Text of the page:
Much of Illinois’ economy is crushed under taxes and regulations. Residents continue to suffer as taxes go up, and more and more people are fleeing the state. Things are dire in Illinois, yet the Illinois Senate, now back in session, is bent on continuing to take more from taxpayers.
Though lawmakers want to hike taxes, they have failed to address any of the state’s major spending drivers – namely government pensions, government union collective bargaining and Medicaid. Lawmakers haven’t even discussed changing the constitution to allow for the type of pension changes Democrats voted for in 2013. Politicians have also failed to tackle countless other cost drivers, including too many units of local government, a prevailing wage law that mandates high construction costs and workers’ compensation costs driving up government payroll costs.
Illinois is at serious risk of becoming a financially failed state. An additional tax hike, while acting as a short-term salve, would drive more people out of Illinois, worsening the state’s already precarious economic and financial position.
Here are four reasons why Illinois cannot weather another tax hike:
- Illinois’ battered economy is extraordinarily weak compared to other states.
- Illinois finished 2016 with the worst jobs growth rate and largest manufacturing jobs losses in the region.
- Moody’s notes that four Illinois metro areas are currently in recession, and four more are near recession. Tax hikes would exacerbate and worsen Illinois’ already weak economy.
- Illinois’ downstate economy never recovered from the previous recession, with 42,700 fewer jobs than before the Great Recession.
- realtytrac.com notes that nearly 20 percent of Illinois homes are deeply underwater on their mortgages, the second-worst in the U.S. The Chicago area is projected to have the worst housing market in the U.S.
- The state population was growing before the last tax hike. This time it is shrinking.
- Taxes are already going up all over the state.
- The current income tax rate is still 25 percent higher than it was in 2010.
- Chicago recently raised taxes by $1,000 per household with more on the way, and a Cook County sugar tax to top it off.
- Twenty local governments increased sales taxes for 2017. Meanwhile, downstate governments are seeing sales tax revenue decline despite higher tax rates.
- Countless local governments continue hiking property taxes.
- The ongoing tax hikes and debt issuances will likely lead to a fiscal contagion as there will be too few taxpayers to service all the debt.
- Out-migration has hit record levels – and more taxes will push more people out of the state.
- Illinois is losing one Peoria worth of people (114,000) each year due to out-migration, the worst the state has ever experienced.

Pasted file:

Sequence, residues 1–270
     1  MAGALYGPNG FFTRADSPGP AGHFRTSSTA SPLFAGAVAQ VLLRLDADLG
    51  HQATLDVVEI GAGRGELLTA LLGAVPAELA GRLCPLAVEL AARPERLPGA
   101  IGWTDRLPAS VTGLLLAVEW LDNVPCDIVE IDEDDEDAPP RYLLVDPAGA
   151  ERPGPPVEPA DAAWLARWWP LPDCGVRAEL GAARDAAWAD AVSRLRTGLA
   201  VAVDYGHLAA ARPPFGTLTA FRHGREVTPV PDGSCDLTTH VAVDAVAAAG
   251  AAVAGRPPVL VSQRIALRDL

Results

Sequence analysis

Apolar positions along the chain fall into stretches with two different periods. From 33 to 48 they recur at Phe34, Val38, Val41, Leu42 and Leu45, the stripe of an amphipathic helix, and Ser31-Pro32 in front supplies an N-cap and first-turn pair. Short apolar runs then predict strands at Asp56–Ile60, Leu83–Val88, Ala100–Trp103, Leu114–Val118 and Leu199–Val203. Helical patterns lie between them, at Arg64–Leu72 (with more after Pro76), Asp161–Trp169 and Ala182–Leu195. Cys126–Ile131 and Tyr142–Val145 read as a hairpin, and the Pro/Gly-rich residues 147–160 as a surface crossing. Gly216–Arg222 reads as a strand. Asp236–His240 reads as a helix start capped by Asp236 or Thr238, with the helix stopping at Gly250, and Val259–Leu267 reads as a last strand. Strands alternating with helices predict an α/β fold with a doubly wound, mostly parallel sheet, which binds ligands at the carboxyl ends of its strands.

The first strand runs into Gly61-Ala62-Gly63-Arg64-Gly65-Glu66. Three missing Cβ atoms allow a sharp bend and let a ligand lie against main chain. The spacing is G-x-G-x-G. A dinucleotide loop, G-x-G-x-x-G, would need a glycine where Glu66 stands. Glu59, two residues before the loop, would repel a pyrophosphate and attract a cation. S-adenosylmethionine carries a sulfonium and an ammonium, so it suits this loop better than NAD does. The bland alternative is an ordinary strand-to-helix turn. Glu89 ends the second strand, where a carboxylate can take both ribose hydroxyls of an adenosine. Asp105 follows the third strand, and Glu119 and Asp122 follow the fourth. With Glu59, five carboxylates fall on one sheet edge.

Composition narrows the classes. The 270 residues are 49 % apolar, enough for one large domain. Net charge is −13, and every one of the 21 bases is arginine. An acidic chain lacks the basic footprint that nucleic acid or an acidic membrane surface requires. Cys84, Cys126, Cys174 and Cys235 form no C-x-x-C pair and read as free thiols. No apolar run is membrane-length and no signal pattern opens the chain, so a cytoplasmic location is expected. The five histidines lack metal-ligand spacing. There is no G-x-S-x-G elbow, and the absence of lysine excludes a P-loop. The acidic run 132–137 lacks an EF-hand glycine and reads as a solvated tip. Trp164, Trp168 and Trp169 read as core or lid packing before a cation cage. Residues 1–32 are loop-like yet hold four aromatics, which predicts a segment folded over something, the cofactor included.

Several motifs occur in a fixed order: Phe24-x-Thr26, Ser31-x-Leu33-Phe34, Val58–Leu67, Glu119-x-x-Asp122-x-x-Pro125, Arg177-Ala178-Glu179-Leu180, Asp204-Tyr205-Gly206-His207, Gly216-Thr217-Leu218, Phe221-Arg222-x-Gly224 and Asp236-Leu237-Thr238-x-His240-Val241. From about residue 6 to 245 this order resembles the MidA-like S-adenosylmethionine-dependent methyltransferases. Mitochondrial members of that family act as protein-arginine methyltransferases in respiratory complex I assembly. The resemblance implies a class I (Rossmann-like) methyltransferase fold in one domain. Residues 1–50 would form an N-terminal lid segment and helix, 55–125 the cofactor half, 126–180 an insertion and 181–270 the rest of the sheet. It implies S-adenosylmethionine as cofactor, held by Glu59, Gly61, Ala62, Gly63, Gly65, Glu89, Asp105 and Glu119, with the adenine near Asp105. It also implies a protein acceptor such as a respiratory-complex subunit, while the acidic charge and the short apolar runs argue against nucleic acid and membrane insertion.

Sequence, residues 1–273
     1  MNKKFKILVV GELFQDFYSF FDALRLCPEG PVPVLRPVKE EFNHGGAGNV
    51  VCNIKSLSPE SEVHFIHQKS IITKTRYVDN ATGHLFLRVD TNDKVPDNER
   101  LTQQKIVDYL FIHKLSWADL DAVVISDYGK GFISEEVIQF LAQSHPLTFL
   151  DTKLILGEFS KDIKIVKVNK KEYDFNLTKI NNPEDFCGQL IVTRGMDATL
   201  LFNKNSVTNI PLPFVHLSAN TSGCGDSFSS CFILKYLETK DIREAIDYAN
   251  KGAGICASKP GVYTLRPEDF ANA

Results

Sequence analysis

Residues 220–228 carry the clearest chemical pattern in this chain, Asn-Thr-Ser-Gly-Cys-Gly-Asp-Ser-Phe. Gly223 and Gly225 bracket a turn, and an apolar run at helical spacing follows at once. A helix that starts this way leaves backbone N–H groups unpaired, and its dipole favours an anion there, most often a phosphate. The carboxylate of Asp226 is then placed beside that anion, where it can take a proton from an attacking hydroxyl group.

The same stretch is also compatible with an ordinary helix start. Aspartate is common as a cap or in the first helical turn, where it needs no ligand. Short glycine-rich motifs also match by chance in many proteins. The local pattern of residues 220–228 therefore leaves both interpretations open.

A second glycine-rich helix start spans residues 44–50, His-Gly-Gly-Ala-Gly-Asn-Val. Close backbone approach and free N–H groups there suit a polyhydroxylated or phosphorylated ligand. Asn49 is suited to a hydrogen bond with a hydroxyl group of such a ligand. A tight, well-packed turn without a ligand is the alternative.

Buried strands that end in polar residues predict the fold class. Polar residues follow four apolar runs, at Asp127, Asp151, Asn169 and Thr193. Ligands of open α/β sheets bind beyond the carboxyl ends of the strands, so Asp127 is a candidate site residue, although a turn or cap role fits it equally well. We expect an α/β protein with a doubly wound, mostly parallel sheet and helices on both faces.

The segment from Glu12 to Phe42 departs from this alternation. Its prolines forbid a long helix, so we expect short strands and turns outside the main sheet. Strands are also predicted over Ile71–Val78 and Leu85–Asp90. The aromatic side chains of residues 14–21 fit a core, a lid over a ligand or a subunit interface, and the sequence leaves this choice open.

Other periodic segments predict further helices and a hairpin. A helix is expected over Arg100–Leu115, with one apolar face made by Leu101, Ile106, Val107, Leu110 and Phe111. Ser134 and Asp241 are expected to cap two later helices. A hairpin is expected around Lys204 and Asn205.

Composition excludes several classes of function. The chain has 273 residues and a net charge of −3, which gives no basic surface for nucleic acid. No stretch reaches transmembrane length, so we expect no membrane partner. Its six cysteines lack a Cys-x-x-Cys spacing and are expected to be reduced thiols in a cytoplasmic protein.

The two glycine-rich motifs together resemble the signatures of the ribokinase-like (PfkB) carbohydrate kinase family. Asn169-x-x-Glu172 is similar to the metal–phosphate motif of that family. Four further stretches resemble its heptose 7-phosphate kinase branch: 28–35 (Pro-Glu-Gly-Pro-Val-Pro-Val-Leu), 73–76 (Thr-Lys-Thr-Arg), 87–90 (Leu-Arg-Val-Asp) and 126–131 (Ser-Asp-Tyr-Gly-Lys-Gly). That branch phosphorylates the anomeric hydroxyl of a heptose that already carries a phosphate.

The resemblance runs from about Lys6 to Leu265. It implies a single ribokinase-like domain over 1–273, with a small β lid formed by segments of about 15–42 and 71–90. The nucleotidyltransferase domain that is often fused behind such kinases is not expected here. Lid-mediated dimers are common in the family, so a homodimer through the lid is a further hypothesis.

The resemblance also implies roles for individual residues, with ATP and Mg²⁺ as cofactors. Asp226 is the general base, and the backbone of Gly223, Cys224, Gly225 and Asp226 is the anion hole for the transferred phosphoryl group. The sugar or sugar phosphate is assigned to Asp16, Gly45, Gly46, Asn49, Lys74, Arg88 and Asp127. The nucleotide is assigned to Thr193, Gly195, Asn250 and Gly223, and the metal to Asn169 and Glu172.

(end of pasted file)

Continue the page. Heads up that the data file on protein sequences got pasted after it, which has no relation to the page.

- Illinois’ state population has shrunk three years in a row due to so much out-migration.
- A Paul Simon Institute poll finds that the most common reason people want to leave Illinois is due to high taxes.
- Millenials and prime working-age adults are leaving Illinois fastest. The exodus rate from Illinois is multiples of all surrounding states.
- Illinois loses population, on net, to every other state in the region according to both Census and IRS data.
- The 2011 tax hike did not fix Illinois’ financial problems, and was followed by economic weakness and significant and ongoing wealth-flight.
- Illinois’ 2011 tax hike raised more than $30 billion in new revenues for pensions. Yet, the state’s unfunded liability grew by $47 billion.
- Illinois’ average annual loss $2.2 billion per year for 16 years prior to the 2011 tax hike. The loss was $3.6 billion per year during the tax hike. Chicago is the only American city experiencing millionaire flight.
- The average income of a taxpayer leaving Illinois is $77,000 compared to a $57,000 average income for taxpayers entering Illinois. This $20,000 in-out differential is the worst of any state.
- Moody’s analysts have thus warned of an Illinois death spiral.
Many parts of Illinois are already in a recession and one in five homeowners is deeply underwater on their mortgage. Local tax hikes are occurring all over the state. And tax hikes have not solved Illinois’ problems in the past, yet spending reforms remain untried.
Moody’s analysts have even pointed to the risk to Illinois’ long-term ability to balance its budgets because pension payments are ramping up while the population is shrinking. Spending reforms are critical to avoid a financial death spiral.
The Senate proposal would not fix the state’s primary spending drivers – pensions, mandatory collective bargaining and Medicaid – and thus would not bend down the cost curve of government. The Senate proposal contains $5-7 billion of tax increases with very little in terms of pro-growth measures to offset the anti-growth effects of increased taxation.
If another tax increase is passed, Illinois will almost certainly see its population continue to shrink while its financial problems will not be solved.